Does Missed Nursing Care Predict Job Satisfaction?

  • Kalisch B
  • Tschanen D
  • Lee H
 et al. 
  • 55

    Readers

    Mendeley users who have this article in their library.
  • 30

    Citations

    Citations of this article.

Abstract

This study explores the impact of missed nursing care (required patient care that is omitted) on job satisfaction of nursing personnel. Data from 3,135 registered nurses (RNs) and 939 nursing assistants (NAs) on 110 patient care units in ten midwestern hospitals revealed that nursing staff who perceived less missed nursing care on the patient care unit where they work are more satisfied in their current position and occupation. Perceptions of staffing adequacy also significantly predicted both satisfaction variables. Focused interventions aimed at decreasing missed care and ensuring staffing adequacy are needed to improve job satisfaction and patient care. [PUBLICATION ABSTRACT]

Author-supplied keywords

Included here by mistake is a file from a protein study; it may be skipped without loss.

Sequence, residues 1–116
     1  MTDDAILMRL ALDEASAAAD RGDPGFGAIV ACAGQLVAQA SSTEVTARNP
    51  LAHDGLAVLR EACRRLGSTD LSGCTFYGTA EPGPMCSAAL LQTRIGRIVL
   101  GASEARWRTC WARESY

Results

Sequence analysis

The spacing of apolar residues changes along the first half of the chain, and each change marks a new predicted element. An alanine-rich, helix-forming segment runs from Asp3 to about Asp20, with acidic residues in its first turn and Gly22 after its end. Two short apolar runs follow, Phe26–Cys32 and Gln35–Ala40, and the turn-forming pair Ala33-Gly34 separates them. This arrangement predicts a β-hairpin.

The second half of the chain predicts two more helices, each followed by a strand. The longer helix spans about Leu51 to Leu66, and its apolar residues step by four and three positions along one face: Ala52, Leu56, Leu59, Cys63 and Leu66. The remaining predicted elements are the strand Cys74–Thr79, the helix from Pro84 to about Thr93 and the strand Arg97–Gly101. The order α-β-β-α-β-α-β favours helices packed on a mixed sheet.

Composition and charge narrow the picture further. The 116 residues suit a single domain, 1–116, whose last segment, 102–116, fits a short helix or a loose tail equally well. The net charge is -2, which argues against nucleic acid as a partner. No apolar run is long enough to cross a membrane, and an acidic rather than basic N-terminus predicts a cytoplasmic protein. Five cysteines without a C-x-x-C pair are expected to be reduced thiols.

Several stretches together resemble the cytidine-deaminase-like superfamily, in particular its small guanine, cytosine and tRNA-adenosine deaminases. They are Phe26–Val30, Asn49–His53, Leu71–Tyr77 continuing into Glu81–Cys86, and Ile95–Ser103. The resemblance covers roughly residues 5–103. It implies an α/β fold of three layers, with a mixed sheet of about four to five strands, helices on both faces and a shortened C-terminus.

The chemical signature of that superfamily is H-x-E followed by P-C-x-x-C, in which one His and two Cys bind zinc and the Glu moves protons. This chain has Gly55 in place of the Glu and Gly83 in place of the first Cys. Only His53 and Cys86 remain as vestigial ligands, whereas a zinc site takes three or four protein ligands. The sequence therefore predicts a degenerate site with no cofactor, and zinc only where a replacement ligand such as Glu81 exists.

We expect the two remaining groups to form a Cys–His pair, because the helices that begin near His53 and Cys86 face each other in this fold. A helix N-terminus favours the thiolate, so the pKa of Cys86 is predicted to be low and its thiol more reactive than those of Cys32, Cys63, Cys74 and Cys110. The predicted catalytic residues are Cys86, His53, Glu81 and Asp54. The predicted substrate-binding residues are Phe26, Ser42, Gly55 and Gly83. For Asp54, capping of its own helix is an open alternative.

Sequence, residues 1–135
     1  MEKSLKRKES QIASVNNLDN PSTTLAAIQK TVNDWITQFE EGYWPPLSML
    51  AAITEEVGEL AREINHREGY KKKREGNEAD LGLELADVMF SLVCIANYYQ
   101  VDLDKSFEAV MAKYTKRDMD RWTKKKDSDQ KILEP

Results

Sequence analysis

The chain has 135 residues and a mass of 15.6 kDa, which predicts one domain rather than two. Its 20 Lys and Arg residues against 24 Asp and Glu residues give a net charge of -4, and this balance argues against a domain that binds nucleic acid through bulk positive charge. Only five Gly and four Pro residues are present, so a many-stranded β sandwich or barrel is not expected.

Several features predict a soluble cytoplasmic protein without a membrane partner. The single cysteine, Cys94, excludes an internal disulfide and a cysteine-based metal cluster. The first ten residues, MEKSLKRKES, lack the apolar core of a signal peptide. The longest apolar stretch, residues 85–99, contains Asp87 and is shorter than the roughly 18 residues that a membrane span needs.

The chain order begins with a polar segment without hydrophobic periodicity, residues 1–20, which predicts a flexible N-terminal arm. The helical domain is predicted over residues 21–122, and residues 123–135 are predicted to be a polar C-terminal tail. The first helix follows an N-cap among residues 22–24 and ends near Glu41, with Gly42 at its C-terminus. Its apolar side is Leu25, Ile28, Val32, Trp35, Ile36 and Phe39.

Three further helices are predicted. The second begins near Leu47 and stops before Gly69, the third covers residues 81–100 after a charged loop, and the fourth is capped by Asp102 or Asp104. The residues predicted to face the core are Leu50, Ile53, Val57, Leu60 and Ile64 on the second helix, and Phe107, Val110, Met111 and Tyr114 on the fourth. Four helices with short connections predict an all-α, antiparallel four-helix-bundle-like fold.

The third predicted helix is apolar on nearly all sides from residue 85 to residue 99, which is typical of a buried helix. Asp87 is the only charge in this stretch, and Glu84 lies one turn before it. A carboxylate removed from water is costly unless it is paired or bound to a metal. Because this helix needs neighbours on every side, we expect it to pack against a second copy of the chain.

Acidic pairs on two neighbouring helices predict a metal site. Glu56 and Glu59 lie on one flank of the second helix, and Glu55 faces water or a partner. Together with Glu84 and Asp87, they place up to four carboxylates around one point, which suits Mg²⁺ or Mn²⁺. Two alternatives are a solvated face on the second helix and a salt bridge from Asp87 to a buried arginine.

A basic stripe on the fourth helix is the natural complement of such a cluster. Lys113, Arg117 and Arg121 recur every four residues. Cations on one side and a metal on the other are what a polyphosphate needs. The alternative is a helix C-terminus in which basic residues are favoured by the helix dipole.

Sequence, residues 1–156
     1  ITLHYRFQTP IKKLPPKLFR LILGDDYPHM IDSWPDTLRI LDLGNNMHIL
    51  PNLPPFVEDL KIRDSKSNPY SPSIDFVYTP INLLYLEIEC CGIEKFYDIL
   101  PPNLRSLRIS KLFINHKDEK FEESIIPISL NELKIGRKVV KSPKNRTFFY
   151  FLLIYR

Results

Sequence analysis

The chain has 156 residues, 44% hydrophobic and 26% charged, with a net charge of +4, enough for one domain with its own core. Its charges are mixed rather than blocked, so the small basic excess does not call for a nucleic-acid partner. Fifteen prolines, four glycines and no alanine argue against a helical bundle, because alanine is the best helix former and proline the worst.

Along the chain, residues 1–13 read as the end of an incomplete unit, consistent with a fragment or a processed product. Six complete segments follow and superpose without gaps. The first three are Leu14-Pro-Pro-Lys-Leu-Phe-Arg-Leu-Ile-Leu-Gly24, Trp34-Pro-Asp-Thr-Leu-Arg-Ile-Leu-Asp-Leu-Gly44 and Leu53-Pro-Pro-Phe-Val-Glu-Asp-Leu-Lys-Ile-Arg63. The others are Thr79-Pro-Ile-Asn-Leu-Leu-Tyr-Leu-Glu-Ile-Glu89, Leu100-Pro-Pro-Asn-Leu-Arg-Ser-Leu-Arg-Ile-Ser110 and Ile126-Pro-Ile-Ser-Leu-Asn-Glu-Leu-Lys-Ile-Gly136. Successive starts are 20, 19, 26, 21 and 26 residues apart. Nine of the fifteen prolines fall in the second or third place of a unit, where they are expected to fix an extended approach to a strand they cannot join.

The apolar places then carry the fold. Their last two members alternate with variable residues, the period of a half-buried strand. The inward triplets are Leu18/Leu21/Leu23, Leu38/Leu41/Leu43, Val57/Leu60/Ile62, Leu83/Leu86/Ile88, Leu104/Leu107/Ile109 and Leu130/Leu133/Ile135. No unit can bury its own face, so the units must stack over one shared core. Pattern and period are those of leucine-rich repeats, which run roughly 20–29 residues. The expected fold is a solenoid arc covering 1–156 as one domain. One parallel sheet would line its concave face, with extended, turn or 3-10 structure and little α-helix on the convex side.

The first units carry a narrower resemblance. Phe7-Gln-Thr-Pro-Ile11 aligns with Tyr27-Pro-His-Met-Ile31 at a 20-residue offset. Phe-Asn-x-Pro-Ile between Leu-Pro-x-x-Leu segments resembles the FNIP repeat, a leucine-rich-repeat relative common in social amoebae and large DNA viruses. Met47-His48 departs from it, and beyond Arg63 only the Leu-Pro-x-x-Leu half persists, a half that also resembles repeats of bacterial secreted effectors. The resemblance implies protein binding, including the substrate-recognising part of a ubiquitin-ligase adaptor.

• 8320:Health care industry
  • 9130:Experiment/theoretical treatment
  • Adult
  • Female
  • Health Care Surveys
  • Hospital -- psychology
  • Humans
  • Job Satisfaction
  • Job satisfaction
  • Male
  • Middle Aged
  • Midwestern United States
  • Nurses
  • Nursing Care
  • Nursing Staff
  • Nursing care
  • Patient safety
  • Physical Fitness And Hygiene
  • Quality of care
  • Studies
  • Young Adult

Get free article suggestions today

Mendeley saves you time finding and organizing research

Sign up here
Already have an account ?Sign in

Find this document

Authors

  • Bea Kalisch

  • Dana Tschanen

  • Hyunhwa Lee

  • Melanie W Salsgiver

Cite this document

Choose a citation style from the tabs below

Save time finding and organizing research with Mendeley

Sign up for free